It is interesting that Fox News raised the question of intent in relation to broadcasting misleading statements given Emerson’s role in the “misinformation network” that perpetuates scaremongering about Islam and Muslims to news audiences.

Ofcom said that the regulator is mandated to have “due regard to the need to secure the application of standards that provide adequate protection to members of the public from the inclusion of offensive and harmful material in programmes in television services in the manner which best guarantees “an appropriate level of freedom of expression”.

The regulator, ruling that Fox News breached Clause 2.2 of the Code, stated:

“Critically, our concerns stemmed from the fact that the statements were made in a current affairs programme which dealt with a controversial subject matter at an extremely sensitive time following the Hebdo Attack and subsequent incidents. For these reasons, we did not consider that the apologies and corrections sufficiently mitigated the materially misleading statements and the potential harm and offence caused to viewers of the Programme.”

You can read the full investigation by Ofcom in its bulletin here.

The Guardian and Independent disclose details of a Muslim university student who was accused of being a “potential terrorist” after he was spotted by a university official reading a textbook for his masters’ degree in terrorism, crime and global security at Staffordshire University.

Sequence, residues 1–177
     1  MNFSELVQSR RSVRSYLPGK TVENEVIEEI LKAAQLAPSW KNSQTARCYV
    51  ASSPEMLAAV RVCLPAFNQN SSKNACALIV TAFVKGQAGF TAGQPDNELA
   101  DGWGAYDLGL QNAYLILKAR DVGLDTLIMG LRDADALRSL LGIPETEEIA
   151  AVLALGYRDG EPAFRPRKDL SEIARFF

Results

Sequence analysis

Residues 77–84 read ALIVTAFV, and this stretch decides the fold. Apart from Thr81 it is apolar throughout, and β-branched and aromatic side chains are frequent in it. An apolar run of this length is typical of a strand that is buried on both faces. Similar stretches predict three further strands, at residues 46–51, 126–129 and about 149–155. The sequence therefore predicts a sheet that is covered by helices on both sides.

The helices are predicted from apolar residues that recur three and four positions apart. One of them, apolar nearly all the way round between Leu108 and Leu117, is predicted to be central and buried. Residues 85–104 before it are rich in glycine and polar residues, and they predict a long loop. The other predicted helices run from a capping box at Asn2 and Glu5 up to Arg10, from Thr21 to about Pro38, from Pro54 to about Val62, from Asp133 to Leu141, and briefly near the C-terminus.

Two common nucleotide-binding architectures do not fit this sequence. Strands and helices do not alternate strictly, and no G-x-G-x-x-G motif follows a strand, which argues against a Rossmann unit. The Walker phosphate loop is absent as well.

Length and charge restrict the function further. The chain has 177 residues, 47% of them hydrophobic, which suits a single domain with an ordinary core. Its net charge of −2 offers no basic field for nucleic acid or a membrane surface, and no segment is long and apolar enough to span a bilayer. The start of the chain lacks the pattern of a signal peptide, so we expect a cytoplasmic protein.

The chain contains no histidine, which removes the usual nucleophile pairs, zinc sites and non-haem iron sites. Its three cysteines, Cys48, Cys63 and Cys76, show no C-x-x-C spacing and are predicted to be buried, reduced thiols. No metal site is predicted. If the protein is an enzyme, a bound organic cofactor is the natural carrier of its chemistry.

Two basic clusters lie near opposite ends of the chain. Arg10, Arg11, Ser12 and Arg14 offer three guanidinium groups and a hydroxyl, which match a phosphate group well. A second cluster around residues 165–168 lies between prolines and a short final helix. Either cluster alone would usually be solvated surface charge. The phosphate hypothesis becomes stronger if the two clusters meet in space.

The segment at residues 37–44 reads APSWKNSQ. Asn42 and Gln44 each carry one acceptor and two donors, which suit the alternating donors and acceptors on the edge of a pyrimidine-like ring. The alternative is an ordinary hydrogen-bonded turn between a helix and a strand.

The student, Mohammed Umar Farooq, was studying in the library when he says he was approached by someone who he thought was another student. Farooq said that he was seen reading the book “Terrorism Studies” and was subsequently probed about his “attitudes to homosexuality, Islamic State (Isis) and al-Qaida.”

Farooq was referred by the official to security guards at the university after the official decided “too many red flags” were raised in the conversation.

Staffordshire University have since apologised to Farooq after the incident occurred in March of this year saying the higher education institution was struggling with the requirements of a “very broad duty … to have due regard to the need to prevent people from being drawn into terrorism”.

The statutory duty which was proposed in the Counter Terrorism and Security Bill and which covers all levels of the education system, from nurseries to higher education institutions, has generated considerable opposition among the teaching profession, students’ unions and Muslim communities who have argued the proposals will result in interference with academic freedom, turn teaching staff into an arm of the security services and foster discriminatory practices towards Muslim students.

During the passage of the Counter Terrorism and Security Bill, many of these arguments were advanced to no avail with the Government determined to impose a duty which in the short time it has been in operation, has seen several cases of discrimination and intimidation of Muslim pupils.

Cases involving a student who was referred to a child protection officer for using the term ‘eco-terrorism’ in the classroom, a student who was visited by a Prevent officer because he advocated support for Palestinian human rights, and numerous others presented in a submission by the Muslim Council of Britain to the Independent Reviewer of Terrorism Legislation, David Anderson QC, have all recently come to light.

In light of these, fears of the statutory duty resulting in a ‘cradle to grave’ surveillance state of British Muslims look to be less about alarmism and more about human rights violations of Muslims.